The Magicians Just Aired Its Most Magical Episode

The Magicians Just Aired Its Most Magical Episode

Syfy’s The Magicians knows how to do drama and horror, but the latest episode “A Life In The Day” reminded us it’s also a master of emotion. The show just gave us its version of Star Trek: The Next Generation’s “The Inner Light.” And it was fucking amazing.

Our magicians have been in some deep doo-doo this season. Magic is gone except for a spark held by Julia (and some leftover enchantments held by the magical elite). That’s one big problem. The other? Fairies are keeping Fillory’s kingdom hostage in a frustrating long-game with no end in sight. To return magic to the world(s), the crew has started a quest for seven keys. The journey brought them somewhere incredible last night.

Quentin (Jason Ralph) and Eliot (Hale Appleman) were the big focal point of the episode but I had no idea of the emotional roller coaster that lay ahead. As part of the crew’s mission to collect the next key from their giant The Fable of the Seven Golden Keys-led quest, Quentin and Eliot must travel back to Fillory. And they do… just not in present day.

The two experience time normally, albeit decades and decades before their younger selves made it to Fillory the first time. They come upon an old man attempting to put together a rather large mosaic but he gives up just as they arrive to complete the same task. The mosaic’s image is meant to reflect “the beauty of all life”; once they complete it, they will receive the key.

But it’s a really hard puzzle, folks.

As time goes on, and on, and on, you realise – they’re going to have to dedicate their lives to this quest. It’s the only way to bring back magic. And somewhere along the way, Quentin and Eliot make a connection, a deep one. They have already had sex (that threesome with Margo in season one) but here it’s so much more. They live together. Like, together together, for years. A young woman who previously stopped by now and then to sell them fruit eventually becomes part of their family. And they have a child who goes on to have his own children. And they all grow old together. And Eliot dies.

The Magicians played out the classic Year Outside, Hour Inside trope. It’s when a character, or characters, experience time differently in some fashion than everyone else and are returned to where they started – sometimes drastically changed, sometimes not changed at all. Here, it’s a bit of both.

As he’s digging Eliot’s grave, Quentin finds a piece of the mosaic hidden in the earth. The puzzle could never have been completed until the magicians lived out their lives the way they did. They needed to solve it together. “The beauty of all life,” indeed. Quentin secures the key but is immediately interrupted by… young Jane Chatwin. Having read the Fillory books, Quentin knows he’s not meant to keep the key at all. He gives it to Jane.

While Quentin and Eliot are living out their quest, Margo has been offered up for marriage once again, this time by the Fairy Queen and with incredibly horrifying results. She opens a gift on her wedding night from none other than Quentin, which includes the key they used to get to Fillory and a note informing her of their timey-wimey demise and directions to collect the key he gave away. Margo meets with adult Jane Chatwin, a.k.a. the Watcherwoman, who is still “alive” in the Clock Barrens, where all moments exist at the same time. Jane is meant to give the key to Margo, only she can’t because its magic is what keeps the Clock Barrens in existence. What she can do is tell Margo to retrieve the key on the linear plane back on Earth, buried with her corpse. But wait! There’s more time travel nonsense yet to come!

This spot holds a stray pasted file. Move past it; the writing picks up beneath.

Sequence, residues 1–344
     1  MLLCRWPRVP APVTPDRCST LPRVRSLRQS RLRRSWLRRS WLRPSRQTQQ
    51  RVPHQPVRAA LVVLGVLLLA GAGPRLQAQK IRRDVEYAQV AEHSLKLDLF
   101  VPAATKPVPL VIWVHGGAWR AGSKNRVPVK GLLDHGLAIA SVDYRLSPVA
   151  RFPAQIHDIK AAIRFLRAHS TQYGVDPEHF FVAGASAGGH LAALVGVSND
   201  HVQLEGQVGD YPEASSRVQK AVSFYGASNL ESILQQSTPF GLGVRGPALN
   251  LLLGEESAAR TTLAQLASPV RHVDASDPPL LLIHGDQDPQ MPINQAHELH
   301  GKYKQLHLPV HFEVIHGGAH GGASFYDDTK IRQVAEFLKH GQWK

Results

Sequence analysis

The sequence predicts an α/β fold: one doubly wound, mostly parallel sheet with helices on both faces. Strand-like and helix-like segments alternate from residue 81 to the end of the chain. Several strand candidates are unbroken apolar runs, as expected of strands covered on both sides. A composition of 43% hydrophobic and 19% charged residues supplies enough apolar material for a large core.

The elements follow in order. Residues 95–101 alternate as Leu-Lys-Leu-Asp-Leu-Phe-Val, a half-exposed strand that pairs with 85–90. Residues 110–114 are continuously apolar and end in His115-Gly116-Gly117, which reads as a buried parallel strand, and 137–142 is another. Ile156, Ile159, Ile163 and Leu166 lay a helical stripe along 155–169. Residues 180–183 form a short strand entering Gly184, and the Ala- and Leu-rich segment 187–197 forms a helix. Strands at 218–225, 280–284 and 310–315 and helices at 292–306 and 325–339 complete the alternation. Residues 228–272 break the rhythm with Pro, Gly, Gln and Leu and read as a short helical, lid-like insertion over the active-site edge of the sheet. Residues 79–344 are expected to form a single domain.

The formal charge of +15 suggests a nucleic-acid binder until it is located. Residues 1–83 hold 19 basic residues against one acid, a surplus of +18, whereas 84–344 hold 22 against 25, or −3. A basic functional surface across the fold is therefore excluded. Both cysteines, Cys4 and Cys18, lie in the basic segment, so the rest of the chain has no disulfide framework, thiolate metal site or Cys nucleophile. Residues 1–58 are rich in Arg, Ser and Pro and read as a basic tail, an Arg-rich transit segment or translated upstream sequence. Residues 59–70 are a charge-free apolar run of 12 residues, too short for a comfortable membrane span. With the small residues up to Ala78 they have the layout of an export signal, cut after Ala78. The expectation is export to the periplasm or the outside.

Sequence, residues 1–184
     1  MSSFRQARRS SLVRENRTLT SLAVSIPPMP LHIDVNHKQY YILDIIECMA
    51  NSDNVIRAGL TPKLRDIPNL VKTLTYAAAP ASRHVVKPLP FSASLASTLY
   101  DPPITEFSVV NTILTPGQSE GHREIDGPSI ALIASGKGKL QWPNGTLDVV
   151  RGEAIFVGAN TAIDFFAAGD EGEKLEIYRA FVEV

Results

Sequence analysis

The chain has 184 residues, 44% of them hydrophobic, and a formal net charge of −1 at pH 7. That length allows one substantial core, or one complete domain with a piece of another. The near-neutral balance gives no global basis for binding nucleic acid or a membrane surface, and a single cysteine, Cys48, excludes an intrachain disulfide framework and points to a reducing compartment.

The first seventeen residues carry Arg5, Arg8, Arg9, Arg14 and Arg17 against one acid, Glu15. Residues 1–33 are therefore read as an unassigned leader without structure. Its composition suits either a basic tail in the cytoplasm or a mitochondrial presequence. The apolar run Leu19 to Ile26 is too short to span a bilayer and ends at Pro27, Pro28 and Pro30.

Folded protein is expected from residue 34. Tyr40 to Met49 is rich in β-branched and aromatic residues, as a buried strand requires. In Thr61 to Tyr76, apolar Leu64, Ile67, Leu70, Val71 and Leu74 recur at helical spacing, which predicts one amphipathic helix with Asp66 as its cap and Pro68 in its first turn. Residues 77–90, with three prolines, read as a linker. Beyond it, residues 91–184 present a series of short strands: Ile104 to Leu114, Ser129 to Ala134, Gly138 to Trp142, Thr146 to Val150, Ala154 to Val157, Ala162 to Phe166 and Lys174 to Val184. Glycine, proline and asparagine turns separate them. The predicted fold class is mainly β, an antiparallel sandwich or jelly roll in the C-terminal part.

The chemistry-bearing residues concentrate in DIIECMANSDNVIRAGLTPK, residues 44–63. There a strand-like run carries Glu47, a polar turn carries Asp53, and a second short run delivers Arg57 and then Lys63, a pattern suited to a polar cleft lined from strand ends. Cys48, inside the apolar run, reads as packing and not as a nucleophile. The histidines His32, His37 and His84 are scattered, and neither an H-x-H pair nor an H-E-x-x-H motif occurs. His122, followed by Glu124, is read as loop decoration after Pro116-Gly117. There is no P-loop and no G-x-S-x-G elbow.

The show returned to the moment Quentin and Eliot were about to enter Fillory and start the quest, and they’re suddenly thrown into a bit of a head-scratching paradox situation. By retrieving the key from Jane’s grave, Margo is able to interrupt the pair and stop them from entering Fillory through the clock in the first place.

And that’s when my heart dropped.

We don’t often get to see loving relationships between men like this on television. Appleman told Entertainment Weekly, “It’s a little bit of a departure for the show in that it’s more intimate – intimate in every sense of the word, I think, from a storytelling standpoint.” An understatement! I’d wager that The Magicians’ fans are pretty open-minded as a whole but seeing something on TV outside the usual heteronormative view was wonderful to watch and incredibly moving. Queer relationships on TV are still far too rare and even when we do get them, they’re often underdeveloped. Even though this episode depicted an entire lifetime in under 40 minutes, you got to experience so much. Showing that love isn’t just the one simple thing we’ve been offered in mainstream media for decades is a powerful message, and one we need more of.

So when Margo stopped them from beginning their journey I thought that meant the entire, wonderful thing had been erased. Even Eliot explains that it was “an alternate timeline, one that we never have to live now,” and one they don’t remember because it never happened. But if they never went to Fillory, how did Margo receive the note that led her to Jane and back to Quentin and Eliot? It’s a time-looping paradox for sure but there’s a twist. When the three return to the castle in Fillory, Quentin and Eliot find the note to Margo. And a basket of fruit. They do remember. Everything. How do they remember? Let’s just say… magic. And let’s enjoy the moment.

How this will change Quentin and Eliot’s relationship going forward remains to be seen – but one thing is for sure, they will never be the same.